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Usage of paclobutrazol (Cultar)

Mango    India

In one of the episode regarding maintenance of mango trees I learnt about the chemical called paclobutrazol (Cultar) which should be provided to trees during the month of September. However, my research on the internet confuses me on this aspect. While there definitely appears to be a positive impact on flowering and growth of fruits, the chemical apparently inhibits microbial activity which reduces soil quality. Moreover, there are also some articles which say that it may have carcinogenic effects.

I therefore request you to kindly clarify the same. Further, is there any organic substitute for the same.



Posted by: Abhishek (1 point) Abhishek
Posted: May 20, 2018




Answers

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It would be helpful if you could provide links to the articles you mention

You soil is bare from the photo and you could improve the microbial community through mulching. This would offset any perceived effect of Cultur on the soil. With that said, you havent told me what the effect on the soil so I dont know. Cultar is a plant growth inhibitor belonging to the triazole group so I dont know how it affects microbes (do you mean fungi and bacteria?)

Below is some text from here https://dpir.nt.gov.au/__data/assets/...

(also, check this https://www.ijcmas.com/7-2-2018/Satye...)


SOME IMPORTANT CONSIDERATIONS IN THE USE OF PACLOBUTRAZOL
How does paclobutrazol act?
Available evidence strongly suggests that flower initiation depends on the presence of an unknown flowerpromoting
factor or factors synthesised in the leaves. At the same time, there are other factors in the shoots
which work against the flowering factor or factors. It is believed that a group of plant hormones called
gibberellins act as inhibitors to flowering. When paclobutrazol is applied to the soil, it moves up through the
roots into the shoots and, due to its anti-gibberellin properties, blocks the synthesis of flowering inhibitors,
thereby allowing the flower-promoting factor(s) to work.
How and when to apply paclobutrazol?
The application of paclobutrazol to soil as a drench around the tree trunk (collar drench) is the most effective
method, as it ensures proper uptake by the tree. The required quantity is mixed in approximately one litre of
water and poured onto the soil around the trunk in a circular band. In the Top End, the ideal time to apply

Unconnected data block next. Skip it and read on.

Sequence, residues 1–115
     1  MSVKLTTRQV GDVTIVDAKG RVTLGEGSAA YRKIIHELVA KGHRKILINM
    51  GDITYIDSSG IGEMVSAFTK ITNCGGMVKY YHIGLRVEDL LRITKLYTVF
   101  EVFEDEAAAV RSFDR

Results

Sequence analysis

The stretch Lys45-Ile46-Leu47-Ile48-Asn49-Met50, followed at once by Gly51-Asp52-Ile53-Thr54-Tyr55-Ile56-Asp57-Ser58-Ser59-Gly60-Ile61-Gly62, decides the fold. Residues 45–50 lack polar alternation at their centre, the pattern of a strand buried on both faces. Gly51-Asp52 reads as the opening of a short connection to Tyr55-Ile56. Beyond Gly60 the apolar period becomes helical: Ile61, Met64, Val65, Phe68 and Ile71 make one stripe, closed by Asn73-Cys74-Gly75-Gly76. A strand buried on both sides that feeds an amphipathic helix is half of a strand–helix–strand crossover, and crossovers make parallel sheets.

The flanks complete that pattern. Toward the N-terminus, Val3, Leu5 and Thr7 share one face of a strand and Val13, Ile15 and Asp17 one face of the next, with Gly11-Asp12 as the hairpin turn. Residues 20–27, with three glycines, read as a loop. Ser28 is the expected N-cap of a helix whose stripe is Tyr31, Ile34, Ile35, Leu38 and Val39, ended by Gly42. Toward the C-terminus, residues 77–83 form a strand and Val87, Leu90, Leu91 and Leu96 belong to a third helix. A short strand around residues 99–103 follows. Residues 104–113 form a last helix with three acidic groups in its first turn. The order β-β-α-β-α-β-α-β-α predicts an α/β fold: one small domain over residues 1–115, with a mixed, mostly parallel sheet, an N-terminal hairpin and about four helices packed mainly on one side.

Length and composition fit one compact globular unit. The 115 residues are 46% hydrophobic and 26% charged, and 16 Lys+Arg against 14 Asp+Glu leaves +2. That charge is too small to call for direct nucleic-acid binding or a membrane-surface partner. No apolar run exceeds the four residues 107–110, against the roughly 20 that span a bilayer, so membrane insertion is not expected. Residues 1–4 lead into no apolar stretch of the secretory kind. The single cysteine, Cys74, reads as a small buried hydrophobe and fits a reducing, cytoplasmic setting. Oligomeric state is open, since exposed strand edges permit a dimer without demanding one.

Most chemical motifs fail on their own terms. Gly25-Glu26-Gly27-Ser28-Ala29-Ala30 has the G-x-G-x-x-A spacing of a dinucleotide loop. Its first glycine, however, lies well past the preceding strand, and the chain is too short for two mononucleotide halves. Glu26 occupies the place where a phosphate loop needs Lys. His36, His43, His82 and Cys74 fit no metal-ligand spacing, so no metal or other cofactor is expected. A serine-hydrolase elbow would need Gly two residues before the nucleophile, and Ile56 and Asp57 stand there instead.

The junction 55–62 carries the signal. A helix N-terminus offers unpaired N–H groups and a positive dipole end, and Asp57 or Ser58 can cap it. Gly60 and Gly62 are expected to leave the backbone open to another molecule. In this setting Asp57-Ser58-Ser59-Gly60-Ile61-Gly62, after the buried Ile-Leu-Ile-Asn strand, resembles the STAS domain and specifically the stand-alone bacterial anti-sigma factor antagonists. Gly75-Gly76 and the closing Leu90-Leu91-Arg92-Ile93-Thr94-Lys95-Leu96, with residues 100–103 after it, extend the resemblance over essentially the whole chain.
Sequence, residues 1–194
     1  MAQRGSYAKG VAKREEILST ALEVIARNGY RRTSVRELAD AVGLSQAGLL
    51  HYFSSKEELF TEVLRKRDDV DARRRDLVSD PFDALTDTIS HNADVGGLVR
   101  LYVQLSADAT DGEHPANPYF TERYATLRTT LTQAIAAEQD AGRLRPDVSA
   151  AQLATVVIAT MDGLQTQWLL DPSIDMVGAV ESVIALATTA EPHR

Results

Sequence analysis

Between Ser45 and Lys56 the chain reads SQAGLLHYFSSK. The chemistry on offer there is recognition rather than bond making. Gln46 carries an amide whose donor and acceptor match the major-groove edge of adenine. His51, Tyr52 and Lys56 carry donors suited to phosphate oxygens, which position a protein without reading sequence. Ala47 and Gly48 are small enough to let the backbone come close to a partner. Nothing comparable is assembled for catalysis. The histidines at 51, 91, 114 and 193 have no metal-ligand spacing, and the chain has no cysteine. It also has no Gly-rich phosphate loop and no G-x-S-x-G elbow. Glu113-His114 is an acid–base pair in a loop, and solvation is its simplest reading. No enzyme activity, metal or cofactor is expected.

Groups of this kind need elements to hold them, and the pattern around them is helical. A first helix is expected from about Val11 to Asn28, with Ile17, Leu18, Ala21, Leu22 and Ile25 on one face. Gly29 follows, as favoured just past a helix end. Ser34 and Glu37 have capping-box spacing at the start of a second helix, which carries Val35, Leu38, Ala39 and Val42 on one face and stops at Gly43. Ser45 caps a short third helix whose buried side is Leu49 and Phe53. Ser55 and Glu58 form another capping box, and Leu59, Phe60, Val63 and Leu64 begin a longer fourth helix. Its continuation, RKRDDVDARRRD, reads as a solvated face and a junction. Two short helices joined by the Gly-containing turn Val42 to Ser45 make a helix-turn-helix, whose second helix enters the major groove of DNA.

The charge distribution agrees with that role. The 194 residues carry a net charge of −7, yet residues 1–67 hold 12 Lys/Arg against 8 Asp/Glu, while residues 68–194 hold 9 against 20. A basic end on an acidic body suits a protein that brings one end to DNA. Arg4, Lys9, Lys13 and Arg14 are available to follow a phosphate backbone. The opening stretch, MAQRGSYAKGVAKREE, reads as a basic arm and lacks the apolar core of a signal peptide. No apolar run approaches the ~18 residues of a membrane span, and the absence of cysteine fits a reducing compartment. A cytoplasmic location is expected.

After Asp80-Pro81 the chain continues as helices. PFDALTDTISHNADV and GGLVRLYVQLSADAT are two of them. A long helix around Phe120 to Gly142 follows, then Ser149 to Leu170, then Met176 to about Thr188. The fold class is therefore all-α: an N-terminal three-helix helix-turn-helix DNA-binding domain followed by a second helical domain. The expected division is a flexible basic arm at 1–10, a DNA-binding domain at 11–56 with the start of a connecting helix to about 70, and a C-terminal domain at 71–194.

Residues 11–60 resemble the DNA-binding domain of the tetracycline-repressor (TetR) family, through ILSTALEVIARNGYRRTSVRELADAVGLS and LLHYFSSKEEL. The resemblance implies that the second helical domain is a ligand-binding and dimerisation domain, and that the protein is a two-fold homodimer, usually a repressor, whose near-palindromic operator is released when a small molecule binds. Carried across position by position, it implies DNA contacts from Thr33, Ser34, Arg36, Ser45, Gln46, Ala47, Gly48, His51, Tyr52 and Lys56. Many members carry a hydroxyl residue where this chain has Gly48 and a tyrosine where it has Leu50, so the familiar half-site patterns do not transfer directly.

paclobutrazol is from soon after harvest to early January. In dry conditions, a light irrigation is recommended
after application. Foliar sprays have been ineffective.
At what age should trees be treated and when should treatment be repeated?
The size of trees at first application is important. This depends on the age of the trees and the spacing
between them. Apart from promoting flowering, paclobutrazol also restricts tree vigour. Trees should
therefore be allowed to develop a good canopy before treatment commences. In high tree density situations
with closer spacing, it is recommended to apply paclobutrazol early when trees are about three years old.
However, when trees are spaced farther apart, say 10 m, early application with paclobutrazol will reduce
canopy size and the fruit bearing area. In such a situation, treatment can commence when trees are about
five years old. Tree size and canopy fill are important considerations. Large trees, especially seedling
trees, respond more slowly than young, bearing, grafted trees. The dosage required also varies between
cultivars. Florida cultivars, such as Irwin, Glen and Tommy Atkins require a lower dosage than Kensington
Pride.
At excessively high dosages, flower and shoot compaction can lead to increased infestation by caterpillars. If
such compaction occurs, the dosage of repeat applications should be reduced., Two sprays of potassium
nitrate at 4 g/L at ten-day intervals, commencing at signs of flower bud burst, were found to minimise panicle
compaction. However, compaction is best prevented by using an optimum dosage. If you are not sure
about dosage and/or if your trees are ready for the treatment, seek expert advice.
It is also important to note that tree size and not age is the key factor for determining dosage. Where there is
considerable variation in tree size, dosage may have to be varied.


Posted by: David Hughes (43 points) David Hughes
Posted: May 20, 2018




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